But still, it looks like that chaotic Valiant got away with murder, doesn't it? Nope. He didn't. And here's why: the classes in Transylvanian Adventures are balanced on multiple axes. Check out the skills available to Valiants and you'll see they most favor neutral characters (first) and then lawful characters. Chaotic Valiants have the absolute worst skill bonuses of the bunch -- garnering nothing better than a +1 at anything with the other classes landing a +4 or +2 at 1st level.

All the classes are built this way and "balanced" on multiple axes. I didn't make this readily apparent because, well, I wanted you to have fun and not have to worry about it.

Hopefully, this increases the awesomeness factor of Transylvanian Adventures. The balance is in the play. You play it, you'll find it in surprising ways.

3.

0 Level Characters start at a Ruin of 0 and when you hit first level, it drops down to 1.
Just want to point out that 0-levels start with a Ruin of 3. 1st levels start at 1. Except the Half-Breed (and soon-to-be Theorist), they both start at 2.

And when rolling Ruin, the Judge rolls the d6s to establish the DC. This makes it more competitive and fun. I can't tell you how many players have faked me out of a simultaneous roll to get a glimpse at the DC. Not that it helps all that much. Muwahahahaha.

Oh and how I explain Ruin? When a player is dropped to 0 hp I ask: "how many points of Ruin do you have?" I then say, "I'm going to roll that many d6s. You roll a d20, add your Luck bonus, and try to beat me. If you roll higher, you live. If not, you die. Or worse."

That "Or worse" part always gets 'em.

4.

Personally, I’d have rather seen some more magic and a few monsters instead of thirty pages of superfluous tables, but at least it’s only thirteen dollars? To me, that’s still a great deal. Unless, of course, the next two books cost like $25-30 for a PDF version. Then I’ll start to get annoyed.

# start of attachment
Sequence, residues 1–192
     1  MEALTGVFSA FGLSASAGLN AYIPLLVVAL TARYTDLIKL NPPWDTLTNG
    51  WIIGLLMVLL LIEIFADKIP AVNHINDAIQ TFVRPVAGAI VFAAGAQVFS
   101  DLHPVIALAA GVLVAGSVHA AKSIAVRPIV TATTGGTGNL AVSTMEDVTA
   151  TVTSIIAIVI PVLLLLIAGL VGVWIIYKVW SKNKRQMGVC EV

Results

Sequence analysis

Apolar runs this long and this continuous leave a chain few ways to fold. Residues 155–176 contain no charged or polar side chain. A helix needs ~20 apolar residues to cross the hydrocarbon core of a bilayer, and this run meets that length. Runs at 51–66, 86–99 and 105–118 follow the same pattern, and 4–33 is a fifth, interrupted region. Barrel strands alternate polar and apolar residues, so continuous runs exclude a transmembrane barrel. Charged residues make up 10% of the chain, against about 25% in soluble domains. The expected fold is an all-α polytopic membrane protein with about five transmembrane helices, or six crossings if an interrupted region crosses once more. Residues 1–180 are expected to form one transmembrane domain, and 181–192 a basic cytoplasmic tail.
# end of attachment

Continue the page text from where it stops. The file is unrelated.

Many of the tables (including the entire Investigations and In-Between Adventures chapters) were supposed to be in The Hanging Judge's Guide. I had to accept that there was a possibility that Transylvanian Adventures would completely fall on its face. And if it did, what would be the bare minimum I would want in the book if there was no chance of a second book? Both the IBA and Investigation sections were so important to how the game is played at the table, I felt I had to include them. It also helps that some of the most fun sessions we'd had revolved around the use of those tables. I also felt the other tables were likewise useful.

The biggest question most players had after a game in playtest or a campaign was "What's next?" I don't think anyone complained about a lack of magic or monsters. In truth, there are so many monster books out there that groups could play Transylvanian Adventures until the end of time without another line written.

I put what I felt was ready and necessary into the first book. That's why it may seem a bit of a mishmash. It is a compilation of various pieces of the first and second books.

As far as pricing, The Hanging Judge's Guide and The Transylvanian Grimoire will be around the same price range. Maybe less. I wouldn't imagine more. Remember, the softcover will be $19.99 for 300 pages. That's not terribly bad. And if you can catch me here in Austin or at a game convention, you can buy a hardcover or softcover off me and spare yourself shipping.

Yes, I can still get you a free PDF if you buy a hardcover from me off the street.



1 comment:

  1. I just love when designers explain their choices and the underlying maths of their game.

    ReplyDelete